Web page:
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I have come across articles advising for the following:

iptables -A INPUT -p tcp 1000:2000 -j ACCEPT

And others stating that the above will not work and iptables only supports multiple port declarations with the --multiport option.

Is there a correct way to open many ports with iptables?

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Related question: iptables and multiple ports –  Cristian Ciupitu May 13 '14 at 18:01

3 Answers 3

up vote 13 down vote accepted

This is the correct way:

iptables -A INPUT -p tcp --match multiport --dports 1024:3000 -j ACCEPT

As an example. Source here.

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If you don't know the state of the ruleset -I is somewhat safer than -A. –  Iain May 13 '14 at 17:11
    
Thank you very much –  Paul Whalley May 13 '14 at 17:17
    
@Iain, could you please explain the reasoning behind that? –  jayhendren May 13 '14 at 19:04
    
@jayhendren many rulesets will have a default drop everything rule e.g. -A INPUT -j REJECT --reject-with icmp-host-prohibited at the end of the INPUT and other tables. Using -A adds the rule at the end of the table, after the final rule so it won't ever be considered as netfilter works on a first match wins basis. Using -I inserts the rule at the beginning of the table ans as such it will always be considered. –  Iain May 13 '14 at 19:14
    
@Iain however, some rulesets also have rules at the beginning that filter or ratelimit packets, so it's worthwhile to point out that -I isn't always safer if you don't know the ruleset. –  jayhendren May 13 '14 at 19:24

What you've been told is right, although you've written it wrong (you've forgotten --dport).

iptables -A INPUT -p tcp --dport 1000:2000 will open up inbound traffic to TCP ports 1000 to 2000 inclusive.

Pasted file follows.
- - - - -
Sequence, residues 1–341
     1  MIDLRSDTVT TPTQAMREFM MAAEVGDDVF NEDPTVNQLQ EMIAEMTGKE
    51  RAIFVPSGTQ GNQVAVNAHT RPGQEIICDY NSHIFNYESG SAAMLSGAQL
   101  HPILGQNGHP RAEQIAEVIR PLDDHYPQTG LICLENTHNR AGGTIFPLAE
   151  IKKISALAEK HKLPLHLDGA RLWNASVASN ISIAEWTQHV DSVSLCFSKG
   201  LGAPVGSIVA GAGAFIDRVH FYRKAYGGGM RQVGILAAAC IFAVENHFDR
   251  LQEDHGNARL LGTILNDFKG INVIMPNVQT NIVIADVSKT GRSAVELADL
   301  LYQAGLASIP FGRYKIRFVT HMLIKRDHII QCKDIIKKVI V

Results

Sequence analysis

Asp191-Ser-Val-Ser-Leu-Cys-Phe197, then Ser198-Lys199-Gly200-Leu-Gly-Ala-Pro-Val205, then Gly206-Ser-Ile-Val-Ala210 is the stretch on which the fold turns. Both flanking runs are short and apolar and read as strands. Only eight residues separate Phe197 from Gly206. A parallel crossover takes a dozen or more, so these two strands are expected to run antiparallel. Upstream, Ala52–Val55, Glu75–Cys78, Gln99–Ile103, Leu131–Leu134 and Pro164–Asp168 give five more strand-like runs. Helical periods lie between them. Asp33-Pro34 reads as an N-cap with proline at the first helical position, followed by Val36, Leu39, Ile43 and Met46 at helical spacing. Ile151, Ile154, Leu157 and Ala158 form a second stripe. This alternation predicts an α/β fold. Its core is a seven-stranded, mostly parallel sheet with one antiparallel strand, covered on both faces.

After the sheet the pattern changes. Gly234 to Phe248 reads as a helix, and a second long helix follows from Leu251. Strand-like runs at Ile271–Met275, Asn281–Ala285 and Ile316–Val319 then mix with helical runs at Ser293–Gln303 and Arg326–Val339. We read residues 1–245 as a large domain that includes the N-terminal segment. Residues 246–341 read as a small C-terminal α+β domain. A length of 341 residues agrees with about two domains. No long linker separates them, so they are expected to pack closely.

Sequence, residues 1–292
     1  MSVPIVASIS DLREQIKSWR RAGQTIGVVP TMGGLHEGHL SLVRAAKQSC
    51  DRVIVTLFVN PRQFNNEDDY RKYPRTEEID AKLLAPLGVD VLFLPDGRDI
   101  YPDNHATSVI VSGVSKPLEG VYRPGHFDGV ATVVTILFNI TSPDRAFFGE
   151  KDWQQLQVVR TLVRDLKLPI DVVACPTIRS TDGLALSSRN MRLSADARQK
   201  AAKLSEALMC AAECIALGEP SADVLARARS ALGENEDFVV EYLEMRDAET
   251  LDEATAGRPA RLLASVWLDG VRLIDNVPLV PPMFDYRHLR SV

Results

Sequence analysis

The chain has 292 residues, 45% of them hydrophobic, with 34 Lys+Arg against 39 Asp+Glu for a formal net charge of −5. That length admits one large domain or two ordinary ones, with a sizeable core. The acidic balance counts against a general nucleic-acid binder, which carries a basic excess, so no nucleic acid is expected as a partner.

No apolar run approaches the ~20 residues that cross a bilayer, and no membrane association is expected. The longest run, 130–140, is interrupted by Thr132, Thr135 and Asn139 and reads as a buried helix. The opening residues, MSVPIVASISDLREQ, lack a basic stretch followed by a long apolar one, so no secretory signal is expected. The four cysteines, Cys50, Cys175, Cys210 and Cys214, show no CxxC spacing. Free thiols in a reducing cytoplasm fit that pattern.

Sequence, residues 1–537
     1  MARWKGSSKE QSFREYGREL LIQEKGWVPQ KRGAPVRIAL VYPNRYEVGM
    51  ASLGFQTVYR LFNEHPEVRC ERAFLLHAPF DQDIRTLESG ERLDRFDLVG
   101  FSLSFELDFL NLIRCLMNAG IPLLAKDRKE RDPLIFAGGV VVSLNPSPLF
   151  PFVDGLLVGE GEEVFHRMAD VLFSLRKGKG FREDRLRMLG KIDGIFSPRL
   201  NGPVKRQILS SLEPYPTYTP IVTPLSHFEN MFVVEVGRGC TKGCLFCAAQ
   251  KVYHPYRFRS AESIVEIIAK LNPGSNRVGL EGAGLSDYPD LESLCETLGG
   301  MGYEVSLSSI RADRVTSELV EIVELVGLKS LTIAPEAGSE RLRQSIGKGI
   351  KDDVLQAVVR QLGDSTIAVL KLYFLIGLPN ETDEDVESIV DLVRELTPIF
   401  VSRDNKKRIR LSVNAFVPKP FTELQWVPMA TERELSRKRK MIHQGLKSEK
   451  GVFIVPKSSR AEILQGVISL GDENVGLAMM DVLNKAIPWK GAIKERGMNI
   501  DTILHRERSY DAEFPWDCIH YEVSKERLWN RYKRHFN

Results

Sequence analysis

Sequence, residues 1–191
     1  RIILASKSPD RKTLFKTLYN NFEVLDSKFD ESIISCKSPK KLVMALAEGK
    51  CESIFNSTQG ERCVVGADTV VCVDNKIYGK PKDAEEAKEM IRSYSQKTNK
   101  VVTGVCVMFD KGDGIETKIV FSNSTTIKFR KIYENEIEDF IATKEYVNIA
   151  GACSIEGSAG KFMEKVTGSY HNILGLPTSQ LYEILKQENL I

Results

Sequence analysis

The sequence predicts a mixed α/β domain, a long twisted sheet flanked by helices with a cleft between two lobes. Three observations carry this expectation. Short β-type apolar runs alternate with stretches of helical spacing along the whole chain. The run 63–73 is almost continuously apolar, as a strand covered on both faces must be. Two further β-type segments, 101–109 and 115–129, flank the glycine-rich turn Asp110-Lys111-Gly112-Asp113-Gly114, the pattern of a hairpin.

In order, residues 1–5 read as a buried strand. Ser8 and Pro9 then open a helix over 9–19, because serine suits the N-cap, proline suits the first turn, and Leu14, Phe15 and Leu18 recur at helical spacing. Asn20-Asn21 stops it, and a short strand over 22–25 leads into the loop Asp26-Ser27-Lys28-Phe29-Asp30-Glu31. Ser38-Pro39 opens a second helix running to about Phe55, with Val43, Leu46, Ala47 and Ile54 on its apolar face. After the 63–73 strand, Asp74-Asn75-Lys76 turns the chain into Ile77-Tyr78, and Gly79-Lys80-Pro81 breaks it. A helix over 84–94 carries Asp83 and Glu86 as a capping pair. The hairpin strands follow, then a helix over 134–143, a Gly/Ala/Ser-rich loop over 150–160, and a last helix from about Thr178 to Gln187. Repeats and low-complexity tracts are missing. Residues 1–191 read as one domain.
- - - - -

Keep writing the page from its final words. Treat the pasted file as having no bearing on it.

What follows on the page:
-m multiport --dports is only needed if the range you want to open is not continuous, eg -m multiport --dports 80,443, which will open up HTTP and HTTPS only - not the ones in between.

Note that the ordering of rules is important, and (as Iain alludes to in his comment elsewhere) it's your job to make sure that any rule you add is in a place where it will be effective.

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I could allude here as well if you want ;) –  Iain May 13 '14 at 17:28
1  
Hee hee hee! Go on, then, the message is worth repeating! –  MadHatter May 13 '14 at 18:37

TL;DR but...

Pure port range without multiport module: iptables -A INPUT -p tcp --dport 1000:2000 -j ACCEPT

Equivalent multiport example: iptables -A INPUT -p tcp -m multiport --dports 1000:2000 -j ACCEPT

...and variation about multi port with multi ranges (yes, this is also possible): iptables -A INPUT -p tcp -m multiport --dports 1000,1001,1002:1500,1501:2000 -j ACCEPT

...and equivalent multi port multi range example with negation: iptables -A INPUT -p tcp -m multiport ! --dports 0:999,2001:65535 -j ACCEPT

Have phun.

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